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the_wombat



Member Since: 29 Oct 2020
Location: Huntingdon
Posts: 44

United Kingdom 2007 Range Rover Sport TDV8 HSE Java Black

No problem.

The chassis rails are complete boxes (unlike H beam or C section that some inferior brands have Smile

Means that water/dirt/salt can get in, and when the factory protection starts to go, there is little you can do to reach and resolve.

Treating these from end to end with corrosion inhibitor and then protection, using a spray tool which you insert, feed through, then drag back while spraying the appropriate treatment helps stop them rusting from the inside out.

More generally, and mostly enclosed cavity might be referred to as a box section, or in Land Rover's case, a rust trap. Thumbs Up

Post #606863 Sat Nov 21 2020 4:17pm
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slinkyjynx



Member Since: 19 Nov 2020
Location: Surrey
Posts: 9

United Kingdom 2012 Range Rover Sport 3.0 TDV6 HSE Lux Santorini Black

I see what you mean, I don't really worry that there's much rust inside there because the only way in for water is on the underside of each box section at the jacking points. Which also act as exit points for any water buildup. Ultimately it's your car and your decision though so you have to do what's right for you Smile

Post #606908 Mon Nov 23 2020 9:13am
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the_wombat



Member Since: 29 Oct 2020
Location: Huntingdon
Posts: 44

United Kingdom 2007 Range Rover Sport TDV8 HSE Java Black

There are actually a large number of water entry points on the chassis. many of them small, but water traps never-the-less.

You are right that unless the car is immersed, water getting in should be minimal, but water getting in isn't the entire problem. if the metal is not protected well (although I believe LR dipped their chassis' in several protection preparations), salt spray, general humidity etc will work away at the metal over the years.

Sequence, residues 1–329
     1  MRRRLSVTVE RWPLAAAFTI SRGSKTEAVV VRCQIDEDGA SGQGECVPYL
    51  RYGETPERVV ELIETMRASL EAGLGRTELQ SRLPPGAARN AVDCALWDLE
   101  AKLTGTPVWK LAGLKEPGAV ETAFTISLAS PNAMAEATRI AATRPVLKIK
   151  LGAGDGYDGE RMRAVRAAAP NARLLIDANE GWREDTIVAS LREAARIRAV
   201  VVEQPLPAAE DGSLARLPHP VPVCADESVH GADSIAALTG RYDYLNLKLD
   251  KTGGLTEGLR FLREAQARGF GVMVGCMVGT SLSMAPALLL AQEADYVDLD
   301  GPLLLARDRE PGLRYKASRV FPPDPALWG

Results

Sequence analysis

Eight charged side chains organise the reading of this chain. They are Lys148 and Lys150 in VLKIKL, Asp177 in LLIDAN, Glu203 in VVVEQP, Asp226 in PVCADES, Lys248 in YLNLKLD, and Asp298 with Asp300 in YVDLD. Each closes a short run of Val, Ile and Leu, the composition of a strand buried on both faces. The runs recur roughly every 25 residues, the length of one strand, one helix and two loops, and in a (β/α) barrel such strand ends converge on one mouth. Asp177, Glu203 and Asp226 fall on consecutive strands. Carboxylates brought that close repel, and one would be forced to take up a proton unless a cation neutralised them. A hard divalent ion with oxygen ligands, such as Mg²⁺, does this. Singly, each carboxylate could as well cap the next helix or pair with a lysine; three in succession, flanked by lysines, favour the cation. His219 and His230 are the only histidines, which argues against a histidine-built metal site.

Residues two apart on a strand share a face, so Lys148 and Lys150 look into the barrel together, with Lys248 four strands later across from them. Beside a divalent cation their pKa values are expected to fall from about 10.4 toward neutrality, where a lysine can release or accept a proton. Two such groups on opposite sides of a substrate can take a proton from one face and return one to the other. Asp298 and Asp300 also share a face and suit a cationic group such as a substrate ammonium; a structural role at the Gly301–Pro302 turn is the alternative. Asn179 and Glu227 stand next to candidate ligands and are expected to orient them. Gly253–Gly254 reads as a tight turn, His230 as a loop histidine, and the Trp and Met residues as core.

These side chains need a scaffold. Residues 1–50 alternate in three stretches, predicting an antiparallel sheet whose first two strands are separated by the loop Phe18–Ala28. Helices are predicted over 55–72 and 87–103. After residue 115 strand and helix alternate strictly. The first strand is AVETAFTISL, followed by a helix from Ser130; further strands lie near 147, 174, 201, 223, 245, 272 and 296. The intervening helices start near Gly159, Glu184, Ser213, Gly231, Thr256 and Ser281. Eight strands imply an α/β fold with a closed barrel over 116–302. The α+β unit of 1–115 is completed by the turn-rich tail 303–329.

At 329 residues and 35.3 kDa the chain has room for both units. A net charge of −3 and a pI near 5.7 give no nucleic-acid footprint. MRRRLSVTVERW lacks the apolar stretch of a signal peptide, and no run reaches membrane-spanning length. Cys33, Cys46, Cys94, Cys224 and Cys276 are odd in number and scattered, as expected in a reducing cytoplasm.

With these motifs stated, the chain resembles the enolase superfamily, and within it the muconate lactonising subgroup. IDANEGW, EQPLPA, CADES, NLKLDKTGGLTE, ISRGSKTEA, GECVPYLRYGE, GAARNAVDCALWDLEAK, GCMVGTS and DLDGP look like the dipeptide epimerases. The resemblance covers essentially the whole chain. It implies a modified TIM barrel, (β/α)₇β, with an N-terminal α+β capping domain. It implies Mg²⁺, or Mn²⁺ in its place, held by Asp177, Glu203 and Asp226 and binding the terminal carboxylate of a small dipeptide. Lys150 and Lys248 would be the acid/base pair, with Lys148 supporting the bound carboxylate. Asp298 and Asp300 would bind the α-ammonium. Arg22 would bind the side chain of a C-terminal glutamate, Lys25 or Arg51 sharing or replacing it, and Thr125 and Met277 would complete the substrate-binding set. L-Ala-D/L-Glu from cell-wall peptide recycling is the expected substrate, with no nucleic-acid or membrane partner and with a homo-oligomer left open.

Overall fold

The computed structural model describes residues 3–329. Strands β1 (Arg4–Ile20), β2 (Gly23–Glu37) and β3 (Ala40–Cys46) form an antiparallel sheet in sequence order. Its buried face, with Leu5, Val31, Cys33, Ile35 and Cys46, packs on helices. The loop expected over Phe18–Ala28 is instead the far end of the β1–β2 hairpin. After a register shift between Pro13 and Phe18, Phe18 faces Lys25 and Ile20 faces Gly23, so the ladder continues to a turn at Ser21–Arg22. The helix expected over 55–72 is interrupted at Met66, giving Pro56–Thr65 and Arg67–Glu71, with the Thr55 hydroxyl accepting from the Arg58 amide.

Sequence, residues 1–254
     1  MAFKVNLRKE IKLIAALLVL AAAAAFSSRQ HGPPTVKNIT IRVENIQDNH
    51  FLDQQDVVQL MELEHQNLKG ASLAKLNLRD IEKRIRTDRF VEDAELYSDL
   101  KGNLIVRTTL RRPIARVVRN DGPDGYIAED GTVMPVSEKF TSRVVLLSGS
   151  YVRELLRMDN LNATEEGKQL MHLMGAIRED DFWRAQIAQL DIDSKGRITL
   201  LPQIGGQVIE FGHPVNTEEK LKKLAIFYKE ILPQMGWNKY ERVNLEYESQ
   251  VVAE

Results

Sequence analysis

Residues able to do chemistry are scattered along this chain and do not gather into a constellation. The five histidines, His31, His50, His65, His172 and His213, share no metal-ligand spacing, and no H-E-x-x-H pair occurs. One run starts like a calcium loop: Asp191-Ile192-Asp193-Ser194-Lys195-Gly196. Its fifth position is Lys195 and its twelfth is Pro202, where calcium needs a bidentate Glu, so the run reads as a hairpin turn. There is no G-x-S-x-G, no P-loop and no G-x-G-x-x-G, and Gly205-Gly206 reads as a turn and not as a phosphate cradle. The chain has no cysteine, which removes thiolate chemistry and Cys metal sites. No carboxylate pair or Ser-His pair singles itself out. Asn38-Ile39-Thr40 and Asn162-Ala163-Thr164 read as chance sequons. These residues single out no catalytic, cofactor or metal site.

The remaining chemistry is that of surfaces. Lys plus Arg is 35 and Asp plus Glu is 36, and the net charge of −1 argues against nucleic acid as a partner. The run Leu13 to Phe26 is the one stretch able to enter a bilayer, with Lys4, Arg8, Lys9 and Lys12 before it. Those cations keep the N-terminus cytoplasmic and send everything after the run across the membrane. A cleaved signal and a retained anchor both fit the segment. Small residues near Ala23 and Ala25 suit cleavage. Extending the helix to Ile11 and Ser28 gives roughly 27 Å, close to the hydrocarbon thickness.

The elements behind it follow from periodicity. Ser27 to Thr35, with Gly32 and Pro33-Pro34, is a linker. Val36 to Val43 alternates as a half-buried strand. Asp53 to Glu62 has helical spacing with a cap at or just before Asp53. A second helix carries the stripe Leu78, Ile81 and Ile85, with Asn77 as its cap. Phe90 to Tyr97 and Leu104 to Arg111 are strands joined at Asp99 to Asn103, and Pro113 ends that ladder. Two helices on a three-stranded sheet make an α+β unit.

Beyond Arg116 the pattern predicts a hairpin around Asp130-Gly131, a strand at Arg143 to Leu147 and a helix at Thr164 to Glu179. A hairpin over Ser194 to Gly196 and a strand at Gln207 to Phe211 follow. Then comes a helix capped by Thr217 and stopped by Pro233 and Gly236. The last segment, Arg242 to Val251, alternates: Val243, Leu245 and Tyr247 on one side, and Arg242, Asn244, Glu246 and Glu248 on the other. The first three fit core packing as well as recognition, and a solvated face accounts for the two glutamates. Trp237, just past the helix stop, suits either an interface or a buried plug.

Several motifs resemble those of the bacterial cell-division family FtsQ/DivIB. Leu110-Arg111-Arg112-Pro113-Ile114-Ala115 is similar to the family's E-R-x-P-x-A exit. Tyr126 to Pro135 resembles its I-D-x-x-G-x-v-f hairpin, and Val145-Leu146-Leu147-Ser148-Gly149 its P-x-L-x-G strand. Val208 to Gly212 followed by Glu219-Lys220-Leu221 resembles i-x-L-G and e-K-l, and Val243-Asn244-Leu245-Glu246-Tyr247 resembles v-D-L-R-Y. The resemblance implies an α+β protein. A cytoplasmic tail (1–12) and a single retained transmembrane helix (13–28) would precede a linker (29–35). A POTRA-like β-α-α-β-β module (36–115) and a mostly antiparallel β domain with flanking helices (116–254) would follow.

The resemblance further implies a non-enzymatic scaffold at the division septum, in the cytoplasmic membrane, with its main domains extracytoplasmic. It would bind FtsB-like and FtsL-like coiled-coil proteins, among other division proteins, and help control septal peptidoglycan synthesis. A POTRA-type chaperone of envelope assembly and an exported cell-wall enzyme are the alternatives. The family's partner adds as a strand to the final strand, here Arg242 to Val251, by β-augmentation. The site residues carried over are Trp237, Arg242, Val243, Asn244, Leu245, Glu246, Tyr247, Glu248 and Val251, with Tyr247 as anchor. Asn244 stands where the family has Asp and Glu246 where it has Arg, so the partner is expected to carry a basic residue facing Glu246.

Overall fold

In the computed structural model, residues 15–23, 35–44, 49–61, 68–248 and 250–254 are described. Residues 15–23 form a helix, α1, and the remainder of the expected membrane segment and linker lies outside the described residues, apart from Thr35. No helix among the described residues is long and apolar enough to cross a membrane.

If the car has been off roaded or used to launch boats, then possibly more serious issues long term. I think the D3/4 and RRS chassis are pretty tough though.

My concern with my car is that there is a lot of surface corrosion on the outside of the chassis rails, and a fair amount on the body underside at the back end. The car has 130k miles on it and I can compare it to my D3 which has almost 190k miles and is in much better condition. it does make me suspect that the RRS has been used to launch boats, or at least been in a harsh winter climate with a lot of salt on the roads (it was originally sold in Scotland). So rather than watch it rot from the inside out (which is what my Defender did before I got hold of it and used it to practice my MIG welding), I might as well get it protected properly.

Post #606926 Mon Nov 23 2020 8:15pm
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slinkyjynx



Member Since: 19 Nov 2020
Location: Surrey
Posts: 9

United Kingdom 2012 Range Rover Sport 3.0 TDV6 HSE Lux Santorini Black

True that, and to be honest the quoted price is far, far lower than fixing it after the fact so thinking about it as an insurance policy isn't a bad shout at all.

Post #607013 Thu Nov 26 2020 4:09pm